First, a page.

To agree with the guidance counselor, these schools represent a serious danger for this community. When our fellow citizens become aware that the intention of these schools was not to teach computer skills but to steal their money, they become frustrated and stressed.

Do we have a responsibility as members of this community to blow the whistle and alert our community about this ongoing criminal activity?

Business leaders cannot take for granted that the values they hold are common to their customers and other constituents in their community. For this reason, I personally think that the first step for business leaders, who are hoping to create an ethical climate in their company, is to recognize the values they look upon as vital if business is to function effectively and make a positive contribution to the society.

To make my point even more clear, as a businessperson, I emphasize a set core of ethical values, and I will do my best to discuss the implications of a commitment to these values.

Ethical values are different from personal desires or business objectives. A school, like any other business, cannot be created with the only intention to make money, but to serve a purpose; in the case of a school, the primary purpose is to educate people. These ethical values are found in diverse religions and moral philosophies; they also arise from our common participation in society and thus respond to specific individual and social needs. Trustworthiness and commitments make planning and coordination possible.

Unfortunately, our community severely lacks these ethical values that enhance human freedom.

I had interviews with two gentlemen that I wanted to hire. They didn't have a clue about basic computer technology even though they just completed an A+/ Network training from one of these schools. The men were very honest and could not hide their embarrassment. Their stories were outrageous; they went to this computer school located in Dorchester where each of them paid $2,000 for a basic computer-training program. It was already too late when they found out that the institution was not accredited by the college or school accreditation board or by any known organization that has the authority to oversee school accreditation. The instructor was not qualified and did not have any ability to deliver the training that was promised in the advertisement. The men said that a certificate was issued to each of them just a few weeks after the program began, despite the fact that they were still illiterate in basic computer principles. This computer school is still around pushing its advertising to promote that you don't need a GED or high school diploma or even English to become a computer or a network specialist.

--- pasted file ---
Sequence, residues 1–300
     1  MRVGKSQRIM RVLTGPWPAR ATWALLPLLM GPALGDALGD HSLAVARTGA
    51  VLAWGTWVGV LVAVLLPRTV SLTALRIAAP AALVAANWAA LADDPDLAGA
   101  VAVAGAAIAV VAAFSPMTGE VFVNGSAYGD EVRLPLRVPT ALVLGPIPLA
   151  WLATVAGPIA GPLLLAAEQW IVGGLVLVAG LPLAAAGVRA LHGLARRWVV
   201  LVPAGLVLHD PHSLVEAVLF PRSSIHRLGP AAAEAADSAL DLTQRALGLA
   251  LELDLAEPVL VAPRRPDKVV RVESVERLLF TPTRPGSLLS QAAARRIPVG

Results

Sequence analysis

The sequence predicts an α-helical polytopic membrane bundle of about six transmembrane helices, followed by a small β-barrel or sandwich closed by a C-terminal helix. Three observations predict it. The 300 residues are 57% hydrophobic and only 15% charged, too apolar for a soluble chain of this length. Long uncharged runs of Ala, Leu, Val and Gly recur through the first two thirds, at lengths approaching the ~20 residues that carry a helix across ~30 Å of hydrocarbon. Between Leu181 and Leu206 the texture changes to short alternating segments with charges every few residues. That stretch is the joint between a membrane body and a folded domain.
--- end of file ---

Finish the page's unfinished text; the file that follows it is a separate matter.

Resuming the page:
In this very competitive market place, to earn any basic employment, good communication is a requirement. Where is the integrity and professional ethics of the Haitian media when they are allowing these greedy citizens to use their airtime for their propaganda? Today, I want to take this occasion to urge my brothers and sisters in Creole broadcasting to take their responsibility. If you want your commitment to this community to sound loud, the moment is yours to show courage and resolve in defending the people in your community.

Ethical values help us to coordinate and guide our individual choices and actions in a world of limited rationality, limited knowledge, and limited sympathies. They provide the foundations for social trust and cooperation and a framework for individual aspirations and constraints that give meaning to more personal objectives. The very centrality of ethical values to our lives and our traditions underlines the need for them to last over time.

Some fundamental ethical values related to the purpose, responsibilities, and conduct of business and of the individuals in that business, sets minimum requirements of conduct, which establishes an operational ground of commitment. It also suggests certain aspirations, which set a tone and establish the possibility for moral improvement. Those of you Haitian journalists, who are concerned about managing the ethical climate of this community, will want to elaborate on these values and consider how they come into play in the advancement of our community.

The starting point for any organization must be a purpose and a set of goals that reflect the organization's obligation to serve the larger community. A community committed to this standard will obviously exclude any evident illegal or immoral activity, such as the selling of cocaine, but it also may rule out certain legal but questionable activities as inconsistent with its self-definition and its moral purpose such as those computer schools that are growing like wild weeds in our community.

A responsible organization, like a responsible individual, will be accountable to the impact of its behavior on others. Many classes of individuals are affected by how a business conducts its affairs. Characteristically, in the Haitian community, the groups that most directly affected are the local communities in which these businesses operate, the newcomers with a lack of English and the general public.